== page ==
PublisherOrenda Books
Date Published18 February 2021
Price£ 8.99


by Matt Wesolowski

A celebrated but secretive pop star dies in mysterious circumstances; some acclaim him a gentle genius, others see him as a predatory paedophile.


This unusual book has at its centre pop megastar Zach Crystal, who provided the soundtrack for a generation but shunned interviews and shut himself away in a Scottish forest. After disappearing for a year, he returns with a publicity blitz to launch a new album but is then immolated in a fire that destroys his home.

His music appeals to all ages, and he has strong supporters who use the media to attack any detractors. But there is also a growing swell of criticism from young women who claim to have been Crystal’s victims. To shed light on this apparently irreconcilable divergence in views, podcaster Scott King finds six witnesses who offer their own particular perspectives on Crystal.

The book is made up of these interviews, with King’s questions and observations in italics, interrupted by sections of the one and only live TV interview session given by Crystal on his brief return to the limelight, interspersed with occasional blogs and broadcasts. The narrative is not therefore linear and is blown up with the sort of froth typical of media topics. It is only King’s observations that gradually pull things back on track.

The interviews begin with a paedophile hunter who claims to have caught Crystal grooming a young girl only to have Crystal’s security staff steal the evidence and take heavy-handed legal action. This is followed by a young woman who asserts that Crystal supported her as a damaged teenager, and now scours the media for reports hostile to her hero so that she can pour scorn on them. Initially the interviews are notable for invective rather than light, but as King finds witnesses unexpectedly close to Crystal a more stable picture eventually emerges.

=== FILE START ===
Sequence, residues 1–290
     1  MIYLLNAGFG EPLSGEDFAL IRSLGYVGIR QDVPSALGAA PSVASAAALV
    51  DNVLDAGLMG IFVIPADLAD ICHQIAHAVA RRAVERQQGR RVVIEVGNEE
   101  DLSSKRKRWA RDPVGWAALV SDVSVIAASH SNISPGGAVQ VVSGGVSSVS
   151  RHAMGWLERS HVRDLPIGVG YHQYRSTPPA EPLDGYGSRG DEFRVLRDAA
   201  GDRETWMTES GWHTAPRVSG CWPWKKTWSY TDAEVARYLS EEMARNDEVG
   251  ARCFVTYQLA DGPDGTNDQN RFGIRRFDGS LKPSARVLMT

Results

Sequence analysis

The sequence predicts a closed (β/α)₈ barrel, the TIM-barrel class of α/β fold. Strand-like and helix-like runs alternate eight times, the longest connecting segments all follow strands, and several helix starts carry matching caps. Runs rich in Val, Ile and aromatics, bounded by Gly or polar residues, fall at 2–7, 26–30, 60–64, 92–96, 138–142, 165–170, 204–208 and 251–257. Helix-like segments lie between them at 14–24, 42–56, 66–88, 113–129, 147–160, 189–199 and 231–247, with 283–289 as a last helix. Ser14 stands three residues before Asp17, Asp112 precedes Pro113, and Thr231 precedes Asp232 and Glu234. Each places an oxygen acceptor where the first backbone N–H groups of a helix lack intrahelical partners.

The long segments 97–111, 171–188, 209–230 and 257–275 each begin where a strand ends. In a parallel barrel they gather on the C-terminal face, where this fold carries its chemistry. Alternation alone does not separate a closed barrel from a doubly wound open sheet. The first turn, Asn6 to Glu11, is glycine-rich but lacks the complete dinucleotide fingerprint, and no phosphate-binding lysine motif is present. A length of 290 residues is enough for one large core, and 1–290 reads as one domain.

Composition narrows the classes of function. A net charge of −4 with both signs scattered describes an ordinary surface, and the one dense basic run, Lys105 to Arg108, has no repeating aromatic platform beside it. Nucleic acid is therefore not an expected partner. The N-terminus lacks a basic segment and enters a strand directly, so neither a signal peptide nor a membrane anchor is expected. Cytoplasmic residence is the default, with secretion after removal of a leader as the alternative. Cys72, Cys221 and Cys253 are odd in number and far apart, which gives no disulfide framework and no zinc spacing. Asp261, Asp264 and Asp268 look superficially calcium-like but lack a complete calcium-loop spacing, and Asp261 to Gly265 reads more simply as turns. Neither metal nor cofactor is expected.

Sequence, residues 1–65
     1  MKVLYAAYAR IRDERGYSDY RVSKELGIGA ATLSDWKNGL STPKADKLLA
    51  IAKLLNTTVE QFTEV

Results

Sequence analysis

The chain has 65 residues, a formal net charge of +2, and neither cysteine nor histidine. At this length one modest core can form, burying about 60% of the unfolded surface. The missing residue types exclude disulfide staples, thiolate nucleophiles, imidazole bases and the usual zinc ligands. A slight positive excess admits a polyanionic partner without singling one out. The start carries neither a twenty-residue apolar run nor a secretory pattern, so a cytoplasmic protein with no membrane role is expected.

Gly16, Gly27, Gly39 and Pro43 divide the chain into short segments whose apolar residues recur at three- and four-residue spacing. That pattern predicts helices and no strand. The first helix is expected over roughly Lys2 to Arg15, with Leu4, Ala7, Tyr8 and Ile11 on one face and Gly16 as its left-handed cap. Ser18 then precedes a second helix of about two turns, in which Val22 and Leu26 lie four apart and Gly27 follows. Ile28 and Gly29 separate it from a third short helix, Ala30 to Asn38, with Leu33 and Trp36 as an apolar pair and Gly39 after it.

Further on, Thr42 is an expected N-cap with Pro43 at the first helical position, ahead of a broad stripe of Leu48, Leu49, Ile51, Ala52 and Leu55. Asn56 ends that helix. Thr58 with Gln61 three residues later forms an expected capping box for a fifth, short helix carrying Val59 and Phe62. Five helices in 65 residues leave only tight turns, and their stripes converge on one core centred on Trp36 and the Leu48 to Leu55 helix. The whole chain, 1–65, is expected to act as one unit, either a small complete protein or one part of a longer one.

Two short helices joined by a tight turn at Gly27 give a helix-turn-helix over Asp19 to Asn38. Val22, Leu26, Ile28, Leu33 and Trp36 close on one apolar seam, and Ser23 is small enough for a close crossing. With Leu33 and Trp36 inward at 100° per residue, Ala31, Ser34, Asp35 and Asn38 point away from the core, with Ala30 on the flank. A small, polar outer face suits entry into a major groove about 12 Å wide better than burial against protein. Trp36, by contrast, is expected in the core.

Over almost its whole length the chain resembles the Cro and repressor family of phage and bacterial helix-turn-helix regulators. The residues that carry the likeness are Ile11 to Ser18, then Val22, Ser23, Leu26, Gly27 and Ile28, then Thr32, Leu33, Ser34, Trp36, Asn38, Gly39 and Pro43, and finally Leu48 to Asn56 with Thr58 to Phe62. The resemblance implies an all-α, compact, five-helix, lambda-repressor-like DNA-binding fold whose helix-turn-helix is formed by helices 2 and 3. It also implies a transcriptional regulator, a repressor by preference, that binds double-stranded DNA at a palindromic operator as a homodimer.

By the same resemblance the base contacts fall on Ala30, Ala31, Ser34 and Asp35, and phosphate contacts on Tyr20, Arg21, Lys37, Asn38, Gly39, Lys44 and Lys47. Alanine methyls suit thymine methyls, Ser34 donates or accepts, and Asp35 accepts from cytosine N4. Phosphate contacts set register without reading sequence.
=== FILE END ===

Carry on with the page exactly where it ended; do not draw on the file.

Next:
While Crystal is of course fictional, elements of Michael Jackson and Jimmy Savile come very much to mind, and the story does tend to evoke musings on the nature of fame, both from the standpoint of those who have it and on the nature of the attraction for the rest of us. The use of media posts and the exchange of confrontational views makes the format very modern.

For the first half of the book the lack of progress in getting to facts made me wonder whether the exercise would ever produce results; conversely, I ended up surprised at the people who came forward for interview and the extent of the truths revealed. In fact, I ended up wondering whether it might have felt more realistic if some of the mysteries of Crystal’s life had remained obscure. But the whole thing was very well done. I was reminded of the fashion in the 18th century for novels in the form of letters.

Reviewed 25 June 2021 by Chris Roberts